The recent cyber attack against Sony underscores fears that enemy nations are able to infiltrate U.S. computer systems and steal sensitive information. The fear is especially intense in the private sector, where much of America’s defense work takes place.
For example, Defense News reports that China’s military showed off two new assets November’s Zhuhai Airshow — the J-31 stealth fighter and JY-26 “Skywatch-U” 3-D long-range air surveillance radar — which bear a striking resemblance to Lockheed Martin’s F-35 joint strike fighter and its offering for the Air Force’s Three Dimensional Expeditionary Long-Range Radar (3DELRR) competition, respectively.
“Reports of a major cyber breach of Lockheed’s programs by Chinese hackers have been around since April 2009, and a general consensus has emerged across industry that China’s military has benefited from that information,” Defense News reported.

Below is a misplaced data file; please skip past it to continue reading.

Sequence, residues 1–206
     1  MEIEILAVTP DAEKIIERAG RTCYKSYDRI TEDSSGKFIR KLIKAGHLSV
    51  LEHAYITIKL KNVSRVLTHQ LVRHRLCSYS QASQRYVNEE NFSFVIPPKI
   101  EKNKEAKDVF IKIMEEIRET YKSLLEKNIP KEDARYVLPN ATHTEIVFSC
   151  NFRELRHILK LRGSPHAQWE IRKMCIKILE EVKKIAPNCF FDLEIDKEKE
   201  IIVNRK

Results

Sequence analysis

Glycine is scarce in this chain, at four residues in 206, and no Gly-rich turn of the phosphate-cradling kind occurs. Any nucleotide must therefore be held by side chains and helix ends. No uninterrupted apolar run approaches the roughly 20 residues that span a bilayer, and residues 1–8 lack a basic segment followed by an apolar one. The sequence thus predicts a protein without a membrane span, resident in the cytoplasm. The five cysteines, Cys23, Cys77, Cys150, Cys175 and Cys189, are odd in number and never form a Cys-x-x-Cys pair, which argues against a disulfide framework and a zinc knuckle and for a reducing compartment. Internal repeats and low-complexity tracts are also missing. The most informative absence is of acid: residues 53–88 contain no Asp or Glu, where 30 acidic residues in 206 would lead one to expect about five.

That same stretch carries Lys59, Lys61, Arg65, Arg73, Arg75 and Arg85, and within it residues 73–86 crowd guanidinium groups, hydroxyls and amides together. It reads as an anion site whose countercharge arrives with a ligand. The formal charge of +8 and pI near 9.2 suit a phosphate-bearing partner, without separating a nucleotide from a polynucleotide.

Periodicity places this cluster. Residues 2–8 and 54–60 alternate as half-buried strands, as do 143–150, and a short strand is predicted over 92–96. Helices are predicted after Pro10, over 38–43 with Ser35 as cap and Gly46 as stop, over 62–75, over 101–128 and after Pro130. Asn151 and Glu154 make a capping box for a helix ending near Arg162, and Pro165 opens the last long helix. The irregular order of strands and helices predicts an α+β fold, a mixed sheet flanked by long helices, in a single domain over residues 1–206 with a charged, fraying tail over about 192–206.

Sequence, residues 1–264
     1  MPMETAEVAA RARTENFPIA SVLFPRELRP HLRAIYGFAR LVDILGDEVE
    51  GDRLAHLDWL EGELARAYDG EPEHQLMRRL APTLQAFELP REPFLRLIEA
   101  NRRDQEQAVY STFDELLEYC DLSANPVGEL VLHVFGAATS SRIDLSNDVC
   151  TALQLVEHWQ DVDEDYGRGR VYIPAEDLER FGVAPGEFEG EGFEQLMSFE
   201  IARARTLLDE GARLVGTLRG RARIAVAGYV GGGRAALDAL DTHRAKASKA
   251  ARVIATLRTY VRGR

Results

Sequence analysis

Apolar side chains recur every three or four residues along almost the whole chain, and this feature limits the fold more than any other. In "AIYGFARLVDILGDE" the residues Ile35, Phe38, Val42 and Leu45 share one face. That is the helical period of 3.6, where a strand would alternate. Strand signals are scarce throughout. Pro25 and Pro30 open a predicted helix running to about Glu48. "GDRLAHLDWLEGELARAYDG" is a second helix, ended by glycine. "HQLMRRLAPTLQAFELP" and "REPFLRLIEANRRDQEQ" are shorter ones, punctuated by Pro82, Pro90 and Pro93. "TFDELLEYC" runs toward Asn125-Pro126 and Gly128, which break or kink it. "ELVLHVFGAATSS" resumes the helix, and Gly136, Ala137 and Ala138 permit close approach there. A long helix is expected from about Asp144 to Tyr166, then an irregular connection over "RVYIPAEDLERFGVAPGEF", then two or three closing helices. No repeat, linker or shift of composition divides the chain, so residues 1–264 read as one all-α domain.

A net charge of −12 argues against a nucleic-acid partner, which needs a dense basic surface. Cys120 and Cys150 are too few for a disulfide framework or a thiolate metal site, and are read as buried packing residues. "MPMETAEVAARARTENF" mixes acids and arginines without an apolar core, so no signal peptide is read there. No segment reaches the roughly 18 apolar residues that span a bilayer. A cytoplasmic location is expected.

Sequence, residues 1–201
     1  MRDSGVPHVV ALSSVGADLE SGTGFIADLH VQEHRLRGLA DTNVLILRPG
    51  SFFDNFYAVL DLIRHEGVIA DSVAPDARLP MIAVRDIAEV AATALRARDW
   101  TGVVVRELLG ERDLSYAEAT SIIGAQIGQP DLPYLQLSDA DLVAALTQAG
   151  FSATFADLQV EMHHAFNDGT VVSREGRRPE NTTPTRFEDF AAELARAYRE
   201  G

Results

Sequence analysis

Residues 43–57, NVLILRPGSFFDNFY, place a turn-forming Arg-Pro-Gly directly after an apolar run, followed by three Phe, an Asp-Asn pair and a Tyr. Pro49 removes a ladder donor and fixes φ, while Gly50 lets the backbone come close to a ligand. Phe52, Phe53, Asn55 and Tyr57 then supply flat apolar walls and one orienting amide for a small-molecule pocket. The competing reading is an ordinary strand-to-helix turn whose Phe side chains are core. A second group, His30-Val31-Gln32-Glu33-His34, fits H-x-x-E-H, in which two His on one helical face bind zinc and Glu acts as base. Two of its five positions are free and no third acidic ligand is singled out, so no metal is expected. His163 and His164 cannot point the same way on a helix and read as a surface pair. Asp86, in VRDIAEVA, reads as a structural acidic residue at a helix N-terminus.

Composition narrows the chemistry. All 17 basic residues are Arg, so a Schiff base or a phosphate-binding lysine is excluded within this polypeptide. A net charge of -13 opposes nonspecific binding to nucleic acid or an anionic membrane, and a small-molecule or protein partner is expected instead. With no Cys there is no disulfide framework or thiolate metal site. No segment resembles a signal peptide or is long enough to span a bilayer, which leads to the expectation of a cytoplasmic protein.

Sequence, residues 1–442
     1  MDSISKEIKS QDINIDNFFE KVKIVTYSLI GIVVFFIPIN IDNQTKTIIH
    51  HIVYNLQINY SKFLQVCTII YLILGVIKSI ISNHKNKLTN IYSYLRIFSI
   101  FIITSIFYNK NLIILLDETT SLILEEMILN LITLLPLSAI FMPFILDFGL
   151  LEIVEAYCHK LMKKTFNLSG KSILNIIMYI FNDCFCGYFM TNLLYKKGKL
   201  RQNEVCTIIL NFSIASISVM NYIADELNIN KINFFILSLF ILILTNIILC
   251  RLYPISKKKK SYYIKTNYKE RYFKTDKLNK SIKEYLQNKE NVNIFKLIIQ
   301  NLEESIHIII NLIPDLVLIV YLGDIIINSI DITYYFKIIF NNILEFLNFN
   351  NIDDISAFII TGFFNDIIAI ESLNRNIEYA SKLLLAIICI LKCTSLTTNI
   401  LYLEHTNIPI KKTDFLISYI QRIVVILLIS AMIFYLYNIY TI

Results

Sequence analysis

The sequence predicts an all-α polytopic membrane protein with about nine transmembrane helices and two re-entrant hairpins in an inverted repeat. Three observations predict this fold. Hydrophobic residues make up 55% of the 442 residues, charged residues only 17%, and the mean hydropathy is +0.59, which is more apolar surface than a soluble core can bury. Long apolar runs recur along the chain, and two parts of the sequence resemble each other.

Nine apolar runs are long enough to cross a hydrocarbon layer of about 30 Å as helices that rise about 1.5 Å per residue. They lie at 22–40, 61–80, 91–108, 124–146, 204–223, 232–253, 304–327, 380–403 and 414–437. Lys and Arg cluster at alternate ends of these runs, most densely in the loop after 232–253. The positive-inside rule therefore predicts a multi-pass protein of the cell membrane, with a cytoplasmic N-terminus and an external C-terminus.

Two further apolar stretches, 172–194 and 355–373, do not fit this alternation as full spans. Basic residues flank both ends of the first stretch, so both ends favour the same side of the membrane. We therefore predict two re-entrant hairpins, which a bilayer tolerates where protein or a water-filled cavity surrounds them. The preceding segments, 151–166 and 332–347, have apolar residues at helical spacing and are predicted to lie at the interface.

That kind of infiltration is costing US industries billions of dollars, warned Brett Lambert, former deputy assistant secretary of defense for manufacturing and industrial base policy, during November’s NATO Industry Forum in Split, Croatia, also according to the Defense News article.
“No one has been hit harder on a seismic scale than US industry,” he said.
Concerns are justified, according to McAfee Labs’ annual threat forecast. Cyber espionage is expected to rise sharply in 2015, according to the report, as cyber-spies will “implement better methods to remain hidden on a victim’s network.”